Fossils suggest giant pandas went from being man's friend to prey
Evidence suggests early man turned a friend into prey as he grew stronger
Huang Wanbo put down his magnifying glass and frowned. The anthropologist was sitting at a dirty desk under a lamp in a farmhouse in Wushan county, Chongqing, staring at the two-million-year-old fossil skull of an ancestor of the giant panda, later named Ailuropoda microta.
Huang's memory of what he saw that evening, seven years ago, remains vivid.
"The skull was exceptionally smooth, without any signs of intentional cutting or hacking," he said. "That troubled me deeply."
Since the 1950s, Huang, 76, from the Institute of Vertebrate Palaeontology and Palaeoanthropology at the Chinese Academy of Sciences, has dug up, collected and examined just about every giant panda fossil fragment unearthed in China. Many were found at sites associated with ancient humans.
Most of the giant panda bone fossils, from leg bones to teeth, bear marks showing that they had been smashed and cracked with stone tools by early humans, suggesting that our ancestors had sucked out the marrow.
But Huang said the two-million-year-old skull, unearthed in a limestone cave, might tell a different story. At the same site, Huang had discovered the fossils of other animals and signs they had been eaten by humans.
How, he wondered, in those days of food scarcity, would early humans have restrained themselves from opening the skull and eating the tasty brain?
"In earlier times, pandas and humans may have been friends," he said. "Then we ate them. Now we keep them as pets."
The early giant pandas should have been easy prey. They were about a metre long, nearly a third shorter than their modern counterpart. Their teeth, though still retaining some of the characteristics of a meat eater, had wear patterns and unique muscle markings suggesting heavy chewing on bamboo.
Their legs and body structure limited their speed and, as a survival strategy, they spent most of the time in bamboo forests because predators such as the now extinct sabre-toothed tiger lost their speed and agility amid the thick bamboo.
Early humans in China, on the other hand, were quite weak, Huang said, drawing on his observations at Wushan. Although they could make some very primitive stone tools, their brains were not much larger than those of an ape and they may have behaved more like monkeys than modern humans. They may have spent most of the time in the trees to avoid predators. They did not have the intelligence or strength to launch collective hunts for other animals.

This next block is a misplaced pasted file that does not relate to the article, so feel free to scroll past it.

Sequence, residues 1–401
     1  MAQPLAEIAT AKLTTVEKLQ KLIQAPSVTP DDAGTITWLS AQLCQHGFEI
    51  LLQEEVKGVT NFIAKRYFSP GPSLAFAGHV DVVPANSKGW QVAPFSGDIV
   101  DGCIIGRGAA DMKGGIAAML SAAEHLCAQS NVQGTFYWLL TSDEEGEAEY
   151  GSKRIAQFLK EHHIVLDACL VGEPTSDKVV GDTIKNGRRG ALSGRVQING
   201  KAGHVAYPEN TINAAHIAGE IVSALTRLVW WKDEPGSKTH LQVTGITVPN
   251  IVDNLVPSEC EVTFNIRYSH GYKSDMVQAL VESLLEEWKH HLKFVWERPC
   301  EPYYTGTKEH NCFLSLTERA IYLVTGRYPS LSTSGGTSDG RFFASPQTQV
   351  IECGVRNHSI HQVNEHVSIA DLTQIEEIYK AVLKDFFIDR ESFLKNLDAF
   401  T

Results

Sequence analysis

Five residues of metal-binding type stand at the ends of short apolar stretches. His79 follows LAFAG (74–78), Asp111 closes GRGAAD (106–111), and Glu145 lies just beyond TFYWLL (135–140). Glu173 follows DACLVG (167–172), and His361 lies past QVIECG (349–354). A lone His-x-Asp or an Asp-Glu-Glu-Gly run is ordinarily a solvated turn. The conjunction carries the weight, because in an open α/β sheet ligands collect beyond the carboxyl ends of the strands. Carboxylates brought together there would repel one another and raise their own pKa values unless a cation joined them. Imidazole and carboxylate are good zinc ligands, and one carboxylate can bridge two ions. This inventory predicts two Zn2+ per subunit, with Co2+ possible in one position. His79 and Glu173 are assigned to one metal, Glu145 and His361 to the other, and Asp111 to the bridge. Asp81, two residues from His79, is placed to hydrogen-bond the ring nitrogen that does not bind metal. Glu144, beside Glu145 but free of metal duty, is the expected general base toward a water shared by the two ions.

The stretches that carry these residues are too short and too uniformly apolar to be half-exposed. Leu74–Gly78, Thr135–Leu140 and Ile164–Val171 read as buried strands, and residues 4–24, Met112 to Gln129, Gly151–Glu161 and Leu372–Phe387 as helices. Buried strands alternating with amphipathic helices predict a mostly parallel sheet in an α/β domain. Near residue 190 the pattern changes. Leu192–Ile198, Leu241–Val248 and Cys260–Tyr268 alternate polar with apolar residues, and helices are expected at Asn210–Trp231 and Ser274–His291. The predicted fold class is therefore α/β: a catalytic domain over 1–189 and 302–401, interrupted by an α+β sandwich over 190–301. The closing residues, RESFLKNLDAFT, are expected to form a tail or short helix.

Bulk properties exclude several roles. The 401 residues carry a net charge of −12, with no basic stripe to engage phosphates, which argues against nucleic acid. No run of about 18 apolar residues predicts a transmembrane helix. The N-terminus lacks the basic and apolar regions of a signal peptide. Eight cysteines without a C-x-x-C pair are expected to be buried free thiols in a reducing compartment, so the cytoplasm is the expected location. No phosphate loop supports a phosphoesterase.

"Early humans and giant pandas stood on the same level of the food chain," Huang said. "They faced similar predators such as sabre-toothed tigers. That made it possible for them to live together harmoniously."
Wei Guangbiao, a researcher at the Three Gorges Museum in Chongqing who co-authored a book on the origins of the giant panda with Huang last year, said the early giant pandas may have benefited from their unique look.
Before the animal was found and named by Westerners, many farmers and hunters in Sichuan had regarded giant pandas as sacred, Wei said.
"Locals didn't hunt or eat giant panda because they were afraid that it might anger the spirits in the mountains," he said. "The black and white fur of the panda resembles the yin-yang symbol of Taoism. Such a colour combination is not camouflage. It is alien to the environment. You can imagine the shock of a farmer when he saw a large, black-and-white animal coming out of the bamboo. To them, it must have seemed like an animal that had come from another world."
Widespread and intensive hunting of giant pandas started at least half a million years ago, according to fossil records. A famous giant panda leg bone discovered in the 1930s by Pei Wenzhong, the man who discovered Peking Man (Homo erectus pekinensis), had been hacked by a flint. It was estimated to be about 500,000 years old.
At the time, humans had already learned to produce better stone tools with sharper and finer edges. Collective hunting was believed to have begun with some large animals, such as mammoths, on the menu .
Huang said giant pandas became hunted at more or less the same time throughout the country, from the south to northern regions beyond the Yellow River.
"Compared with other animals, giant pandas provided lots of meat," he said. "They were also relatively easy to kill. Though its fur was unique, the growth of the population had driven human hunters to hunt any animal within reach of their spears and arrows to feed their starving tribes.
"We turned friends into prey as soon as we obtained the strength."
Some have blamed climate change for driving the giant panda close to extinction, with a general decline in temperatures over the past few thousand years wiping out many bamboo forests. During the Tang dynasty (618-907), bamboo forests were still found north of the Yellow River, according to historical records.
Huang suspects giant pandas originated in Yunnan some eight million years ago and spread to the rest of the country by several routes. All branches of the species died out except those that remained in remote bamboo forests in such regions as Sichuan and Shaanxi.